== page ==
- Mix 100 µL of bacterial culture with 100 µL of newly prepared bismuth solution (pH 8.0; 10 mM bismuth (III) chloride, 0.4 M triethanolamine-HCl, 20 mM pyridoxal 5-phosphate monohydrate, 20 mM EDTA, and 40 mM L-cysteine) in the 96-well microtiter plates and culture for 20 min at 37 °C. For each bacterial strain, perform the analysis in triplicate.
- After 20 min, check for color change. If the color of the solution changes from light yellow to black, this indicates that the bacteria is able to produce H2S. Repeat this measurement 3x.
- Sensitivity of the method
- Determine the sensitivity of the method using different concentrations of sodium hydrosulfide (NaHS): 2 mM, 1 mM, 0.8 mM, 0.6 mM, 0.4 mM, 0.2 mM, 0.1 mM, and 0 mM, mixed with BS solution 14.
- Determine the presence of HS−/S2− by observing the formation of a black BS precipitate. Score the color of the wells using a visual scale from no color production (-) to darkest black color production (++++++).
Detection of hydrogen sulfide producing bacteria
The performance of the H2S test was investigated using pure cultures of selected bacterial strains, as listed in Table 1. The results indicated that Salmonella paratyphi A, Fusobacterium nucleatum, Enterococcus faecalis, Pseudomonas aeruginosa, and Proteus vuigaris can produce H2S with black BS precipitate, while Salmonella paratyphi B, Staphylococcus aureus, Aeromonas hydrophila, and Klebsiella pneumoniae failed to show any black precipitate. The most rapid H2S production was seen for Fusobacterium nucleatum, reaching maximum color production (Figure 1).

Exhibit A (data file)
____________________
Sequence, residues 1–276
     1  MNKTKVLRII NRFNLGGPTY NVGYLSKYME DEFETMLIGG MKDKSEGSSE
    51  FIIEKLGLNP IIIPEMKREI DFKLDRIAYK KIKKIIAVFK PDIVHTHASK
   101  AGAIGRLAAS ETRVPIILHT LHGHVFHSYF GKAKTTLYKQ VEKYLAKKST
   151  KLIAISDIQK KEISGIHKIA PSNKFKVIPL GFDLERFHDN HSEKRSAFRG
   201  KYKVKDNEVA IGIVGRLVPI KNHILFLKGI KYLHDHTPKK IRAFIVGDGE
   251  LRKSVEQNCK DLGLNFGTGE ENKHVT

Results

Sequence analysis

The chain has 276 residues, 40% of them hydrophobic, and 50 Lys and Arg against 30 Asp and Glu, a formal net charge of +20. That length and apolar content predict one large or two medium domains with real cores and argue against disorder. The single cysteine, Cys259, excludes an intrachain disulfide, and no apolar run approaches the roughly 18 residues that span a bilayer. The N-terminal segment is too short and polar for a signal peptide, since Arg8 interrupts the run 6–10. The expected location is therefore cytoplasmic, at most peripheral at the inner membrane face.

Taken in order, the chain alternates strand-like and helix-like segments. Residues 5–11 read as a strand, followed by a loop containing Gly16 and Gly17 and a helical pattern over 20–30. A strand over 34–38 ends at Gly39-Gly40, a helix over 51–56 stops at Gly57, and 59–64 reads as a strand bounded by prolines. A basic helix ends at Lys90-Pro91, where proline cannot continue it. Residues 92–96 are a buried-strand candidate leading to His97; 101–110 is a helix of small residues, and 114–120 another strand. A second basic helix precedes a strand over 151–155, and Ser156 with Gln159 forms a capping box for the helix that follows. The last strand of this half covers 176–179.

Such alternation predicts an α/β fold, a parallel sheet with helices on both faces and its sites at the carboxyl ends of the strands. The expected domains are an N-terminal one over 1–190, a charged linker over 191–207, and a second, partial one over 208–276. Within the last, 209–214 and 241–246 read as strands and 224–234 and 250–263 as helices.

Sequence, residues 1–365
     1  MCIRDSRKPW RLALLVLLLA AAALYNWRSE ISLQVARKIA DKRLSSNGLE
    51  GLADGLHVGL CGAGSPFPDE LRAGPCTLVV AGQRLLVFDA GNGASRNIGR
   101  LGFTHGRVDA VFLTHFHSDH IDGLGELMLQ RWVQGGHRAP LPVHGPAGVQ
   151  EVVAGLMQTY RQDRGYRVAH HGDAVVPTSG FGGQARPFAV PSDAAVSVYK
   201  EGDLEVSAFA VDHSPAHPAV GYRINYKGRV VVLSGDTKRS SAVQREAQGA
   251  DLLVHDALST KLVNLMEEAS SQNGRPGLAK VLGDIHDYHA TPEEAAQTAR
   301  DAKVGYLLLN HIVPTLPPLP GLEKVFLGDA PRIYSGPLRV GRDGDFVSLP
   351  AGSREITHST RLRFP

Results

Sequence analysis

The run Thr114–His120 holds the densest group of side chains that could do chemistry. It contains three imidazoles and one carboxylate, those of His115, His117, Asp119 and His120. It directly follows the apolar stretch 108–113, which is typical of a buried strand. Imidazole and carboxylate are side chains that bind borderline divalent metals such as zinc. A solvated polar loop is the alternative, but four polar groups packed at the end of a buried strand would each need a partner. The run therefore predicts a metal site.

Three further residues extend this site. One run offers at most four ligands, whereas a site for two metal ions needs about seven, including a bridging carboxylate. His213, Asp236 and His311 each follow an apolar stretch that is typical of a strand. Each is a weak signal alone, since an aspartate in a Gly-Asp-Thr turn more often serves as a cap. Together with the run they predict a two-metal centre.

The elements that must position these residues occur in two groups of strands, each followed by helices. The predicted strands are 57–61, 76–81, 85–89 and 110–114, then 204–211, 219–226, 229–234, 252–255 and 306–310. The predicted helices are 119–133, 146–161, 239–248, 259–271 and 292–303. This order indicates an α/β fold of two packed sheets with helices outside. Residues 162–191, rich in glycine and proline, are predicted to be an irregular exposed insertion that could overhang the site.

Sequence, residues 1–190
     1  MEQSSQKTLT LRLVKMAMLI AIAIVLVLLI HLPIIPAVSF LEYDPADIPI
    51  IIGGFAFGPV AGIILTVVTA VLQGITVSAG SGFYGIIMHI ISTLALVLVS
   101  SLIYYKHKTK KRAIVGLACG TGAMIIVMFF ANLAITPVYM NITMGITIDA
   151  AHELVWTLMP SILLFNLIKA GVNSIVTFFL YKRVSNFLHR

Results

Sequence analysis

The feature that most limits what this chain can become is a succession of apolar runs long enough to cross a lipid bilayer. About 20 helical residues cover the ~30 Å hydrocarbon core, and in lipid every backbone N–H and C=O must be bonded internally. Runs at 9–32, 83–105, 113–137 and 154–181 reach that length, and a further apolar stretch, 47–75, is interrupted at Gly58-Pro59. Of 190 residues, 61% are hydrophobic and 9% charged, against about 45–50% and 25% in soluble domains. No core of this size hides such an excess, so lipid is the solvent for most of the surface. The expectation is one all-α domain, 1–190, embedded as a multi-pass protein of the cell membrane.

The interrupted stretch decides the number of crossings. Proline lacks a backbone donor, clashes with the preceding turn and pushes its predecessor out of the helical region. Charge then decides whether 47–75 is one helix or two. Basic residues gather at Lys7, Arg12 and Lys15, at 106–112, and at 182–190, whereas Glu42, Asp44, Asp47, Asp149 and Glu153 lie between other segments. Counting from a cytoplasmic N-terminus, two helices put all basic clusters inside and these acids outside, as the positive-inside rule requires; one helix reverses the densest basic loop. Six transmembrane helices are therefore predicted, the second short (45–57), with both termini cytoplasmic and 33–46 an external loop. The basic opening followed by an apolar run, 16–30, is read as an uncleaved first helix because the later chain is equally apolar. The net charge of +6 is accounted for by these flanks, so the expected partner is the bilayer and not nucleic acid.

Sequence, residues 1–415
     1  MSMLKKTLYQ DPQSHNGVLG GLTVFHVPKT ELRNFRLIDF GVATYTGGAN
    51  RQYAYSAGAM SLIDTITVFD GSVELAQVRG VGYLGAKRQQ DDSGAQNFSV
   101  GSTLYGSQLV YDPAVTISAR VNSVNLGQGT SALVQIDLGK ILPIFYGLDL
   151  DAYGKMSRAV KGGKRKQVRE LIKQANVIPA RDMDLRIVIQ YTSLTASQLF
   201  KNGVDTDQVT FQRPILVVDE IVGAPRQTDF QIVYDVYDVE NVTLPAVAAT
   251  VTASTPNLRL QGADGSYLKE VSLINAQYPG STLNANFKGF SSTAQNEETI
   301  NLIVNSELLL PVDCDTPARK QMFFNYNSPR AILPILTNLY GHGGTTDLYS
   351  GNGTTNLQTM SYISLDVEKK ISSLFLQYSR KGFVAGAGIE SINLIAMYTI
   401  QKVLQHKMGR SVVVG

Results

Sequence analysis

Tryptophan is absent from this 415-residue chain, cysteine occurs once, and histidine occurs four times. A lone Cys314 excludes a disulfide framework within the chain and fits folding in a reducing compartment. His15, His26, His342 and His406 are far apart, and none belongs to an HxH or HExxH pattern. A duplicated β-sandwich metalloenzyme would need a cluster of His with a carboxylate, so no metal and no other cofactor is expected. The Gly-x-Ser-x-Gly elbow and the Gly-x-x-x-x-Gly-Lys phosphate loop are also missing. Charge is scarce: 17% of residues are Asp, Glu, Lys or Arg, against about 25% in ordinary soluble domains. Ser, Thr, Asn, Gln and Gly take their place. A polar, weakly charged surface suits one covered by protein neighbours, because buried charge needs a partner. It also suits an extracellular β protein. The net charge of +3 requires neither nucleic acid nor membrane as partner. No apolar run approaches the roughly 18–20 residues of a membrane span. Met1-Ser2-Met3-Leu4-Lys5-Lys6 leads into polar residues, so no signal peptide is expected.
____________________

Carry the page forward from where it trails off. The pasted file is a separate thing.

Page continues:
Sensitivity of the method
The sensitivity was determined by mixing different concentrations of sodium hydrosulfide (NaHS) with BS solution. Visual inspection revealed that the color depth of the solution deepened with an increasing ion concentration of HS−/S2− (Figure 2). The detection limit of H2S for the method is 0.2 mM.
Figure 1: Detection of hydrogen sulfide producing bacteria. The production of H2S in Fusobacterium nucleatum was detected by the black BS precipitate formation. Please click here to view a larger version of this figure.
Figure 2: Sensitivity of the bismuth sulfide (BS) method. The sensitivity of the BS method for detection of H2S was recorded as no color production (-) to darkest black color production (+++++). From left to right, the NaHS concentrations are 2 mM, 1 mM, 0.8 mM, 0.6 mM, 0.4 mM, 0.2 mM, 0.1 mM, and 0 mM. Please click here to view a larger version of this figure.
|Species||H2S production a|
|Salmonella paratyphi A||+++|
|Salmonella paratyphi B||_|